On the other hand, I spent many years working in in-patient mental health settings where I often cared for people who were considered at risk of suicide. Although we talk about the importance of ‘person centered care’ and working in collaboration with people –  lets be blunt. This involved helping to detain people against their will. There was often (not always) a feeling that the person receiving the care was trying to outwit us. If they succeeded in doing so then a likely result would be the death of that person. Were we right to try and prevent this? – I believe that we were. Is this an ideal way to be treating people? – certainly not – does anyone have any better ideas?

Take a look at this debate (transcript here) with Thomas Szasz, filmed  at Birmingham University. Having read the work of Szasz it seems clear to me that much of his critique of psychiatry and it’s contradictions makes sense. However, it seems quite clear that he wouldn’t approve of working with potentially suicidal people in the manner described above, i.e. “Compulsion is a bad thing”.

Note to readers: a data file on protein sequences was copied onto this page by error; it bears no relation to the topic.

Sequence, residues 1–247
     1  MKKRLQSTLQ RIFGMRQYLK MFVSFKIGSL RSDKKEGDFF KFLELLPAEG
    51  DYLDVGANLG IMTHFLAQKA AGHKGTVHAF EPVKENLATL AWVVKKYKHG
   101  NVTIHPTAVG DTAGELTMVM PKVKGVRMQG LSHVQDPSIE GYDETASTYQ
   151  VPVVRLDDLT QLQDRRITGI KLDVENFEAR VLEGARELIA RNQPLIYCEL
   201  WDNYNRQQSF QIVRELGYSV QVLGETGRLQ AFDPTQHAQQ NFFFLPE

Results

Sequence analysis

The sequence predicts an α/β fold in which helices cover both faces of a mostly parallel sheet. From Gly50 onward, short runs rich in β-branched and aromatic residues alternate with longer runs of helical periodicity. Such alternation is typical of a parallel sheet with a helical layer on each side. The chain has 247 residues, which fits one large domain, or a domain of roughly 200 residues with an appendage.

Trouble is though, where does this leave all of the people considered at risk of suicide who are currently detained in the UK? What about the people who are doing the detaining? How do we square this with an attempt to treat people with terminal illness’ with compassion and dignity. Lets be clear, I absolutely don’t pretend to have the answers to any of the issues raised above. I am pretty sure that there are no clear answers and certainly no answers that would please everyone. It will be interesting to see what the recent RCN consultation (see also) on the subject of assisted suicide will conclude. How  this will affect people involved in mental health services remains to be seen, I hope it will lead to wider discussion about this subject.

What do you think? – I would be interested to see any comments.

Update 10th June – See comments re an interesting debate on Mental Nurse Blog re Szasz link here & here